Well, seems I’m on a raw kick this week–here’s a second raw recipe in a row (and also a tongue-twister using “R” words!). As promised, I’m going to offer the recipe for “Cultured Vegetables” from my Total Health course. Every time I utter the name of this recipe, I can’t help thinking, “As opposed to what? Crass, uncouth vegetables?” But my mind just works that way.
If you’ve ever enjoyed a side of tangy, crisp coleslaw or the zing that some juicy sauerkraut can add to a Reuben sandwich, you’ve already sampled cultured vegetables. The term refers to veggies that have been allowed to ferment naturally, within their own juices, to help breed the natural bacteria within them. These are good bacteria, people–the same kind you eat in healthy, immune-enhancing yogurt with live probiotics. In fact, naturally cultured veggies may contain even more of these healthful bacteria than the yogurt does.
The practice of making our own cultured veggies has waned over the past century (why bother when you can just grab a jar from the supermarket?), but the store-bought kind can’t compare. In contrast to the assembly-line, limp and almost matte coloring of prepared brands, the homemade variety retains a lovely sheen and a springy bite with an appealing ascerbic tang. And while the all-natural brands manufactured using traditional methods (the ones that require refrigeration even before you open them) are just fine, their cost is often exorbitant, and they don’t always offer the same probiotic benefits or equivalent array of vitamins and minerals in the all-natural types.
When you chop or grate raw, organic cabbage, the probiotic bacteria already present (“friendly bacteria” that naturally populate our intestines and aid in myriad bodily functions, from boosting our immune systems to enhancing digestion to producing Vitamin K) begin to multiply and feed off the natural sugars in the veggies, thereby fermenting them. The result is the slightly soft , slightly crisp, naturally pickled condiment that is most commonly known as sauerkraut. In this case, however, the food is truly raw and provides all the benefits of raw enzymes and easy digestibility from a living food.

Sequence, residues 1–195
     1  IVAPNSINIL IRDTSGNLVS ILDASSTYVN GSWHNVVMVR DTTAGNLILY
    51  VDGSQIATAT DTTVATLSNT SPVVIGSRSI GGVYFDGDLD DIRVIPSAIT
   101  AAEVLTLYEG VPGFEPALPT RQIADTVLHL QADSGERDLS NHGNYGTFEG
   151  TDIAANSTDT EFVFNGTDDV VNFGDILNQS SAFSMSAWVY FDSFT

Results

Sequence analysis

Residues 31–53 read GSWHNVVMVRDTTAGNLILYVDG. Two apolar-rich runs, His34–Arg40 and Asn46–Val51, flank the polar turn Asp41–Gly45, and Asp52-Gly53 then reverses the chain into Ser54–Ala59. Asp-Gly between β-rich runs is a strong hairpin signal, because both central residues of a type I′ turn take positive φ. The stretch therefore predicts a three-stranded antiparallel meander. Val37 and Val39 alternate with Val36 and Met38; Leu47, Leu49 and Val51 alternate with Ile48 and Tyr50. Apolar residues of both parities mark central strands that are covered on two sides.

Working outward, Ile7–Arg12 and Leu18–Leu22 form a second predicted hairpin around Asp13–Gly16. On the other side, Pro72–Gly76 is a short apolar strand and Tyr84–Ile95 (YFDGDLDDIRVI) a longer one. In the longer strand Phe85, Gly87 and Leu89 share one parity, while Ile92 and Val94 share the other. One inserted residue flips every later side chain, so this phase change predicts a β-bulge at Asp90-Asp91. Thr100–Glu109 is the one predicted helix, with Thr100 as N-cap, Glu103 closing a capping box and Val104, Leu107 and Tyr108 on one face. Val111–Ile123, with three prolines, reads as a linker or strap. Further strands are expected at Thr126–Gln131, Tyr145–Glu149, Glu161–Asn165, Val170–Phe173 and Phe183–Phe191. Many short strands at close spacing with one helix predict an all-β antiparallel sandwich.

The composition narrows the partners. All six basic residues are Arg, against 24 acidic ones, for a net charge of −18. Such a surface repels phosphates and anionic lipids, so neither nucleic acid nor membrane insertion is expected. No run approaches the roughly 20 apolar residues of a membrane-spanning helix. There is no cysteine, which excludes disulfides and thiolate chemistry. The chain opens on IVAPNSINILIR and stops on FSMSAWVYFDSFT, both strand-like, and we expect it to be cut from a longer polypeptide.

I’ve always loved sauerkraut. I can still remember how, throughout my childhood, my mom would crack open a jar of Mrs. Whytes in natural brine and just eat it out of the jar as a snack (she had some weird culinary proclivities, that mom of mine). Well, as she did with my love for Jack and Carly, my mother also nurtured my taste for sauerkraut, and I’ve been eating it ever since. When I finally learned to make it myself last week, I was surprised at how simple the process really is.
A quick Googling of “Cultured Vegetables Recipe” elicited 188,000 hits, so there’s obviously no shortage of information available for those who’d like to give it a try. At our course, we used a combination of red cabbage, white cabbage, carrot and daikon radish. The method is crazy-simple: chop or grate the veggies very fine; blend a bit of them with water to create a “brine”; combine both parts in a tightly-closed jar and let it sit on your kitchen counter for a week. Refrigerate before opening (both to stop the fermentation process and to prevent too much air escaping when you finally open it), then spear with your fork and enjoy. My own batch ended up infused with a rosy, springlike hue throughout, courtesy of the red cabbage; on the plate, the mixture evoked a girl’s best party dress, or a sprinkling of confetti at a baby shower.
Once made, the veggies can be used alone as an accompaniment to salads, burgers, or other main courses; as a snack on their own (my mom would have loved them); or, as my instructor suggested, tossed at the last minute over some sautéed greens to warm them up a bit.
Below is the recipe we used, taken directly from Donna Gates’s Body Ecology site. While my instructor did provide a “culture starter,” it’s entirely unnecessary to the success of this dish. You should also feel free to experiment with the proportions of different vegetables, as long as cabbage is the the main event. And once you’ve got a batch ready, the veggies will last several months.
[Aren’t those colors purty?]
Raw Cultured Vegetables
[From the website]: One important secret to making really delicious yet medicinal cultured veggies is to use freshly harvested, organic, well-cleaned vegetables. After washing the veggies, spin them dry. Clean equipment is essential. Scald everything you use in very hot water.
- Version 1
- 3 heads green cabbage, shredded in a food processor
- 1 bunch kale, chopped by hand
- (optional): 2 cups wakame ocean vegetables (measured after soaking), drained, spine removed, and chopped
- 1 Tbsp. dill seed
- Version 2
- 3 heads green cabbage, shredded in a food processor
- 6 carrots, large, shredded in a food processor
- 3 inch piece ginger, peeled and chopped
- 6 cloves garlic, peeled and chopped
- Combine all ingredients in a large bowl.
- Remove several cups of this mixture and put into a blender.
- Add enough filtered water to make a “brine” the consistency of a thick juice. Blend well and then add brine back into first mixture. Stir well.
- Pack mixture down into a 1½ quart glass or stainless steel container. Use your fist, a wooden dowel, or a potato masher to pack veggies tightly.
- Fill container almost full, but leave about 2 inches of room at the top for veggies to expand.
- Roll up several cabbage leaves into a tight “log” and place them on top to fill the remaining 2 inch space. Clamp jar closed.
- Let veggies sit at about a 70 degree room temperature for at least three days. A week is even better. Refrigerate to slow down fermentation. Enjoy!
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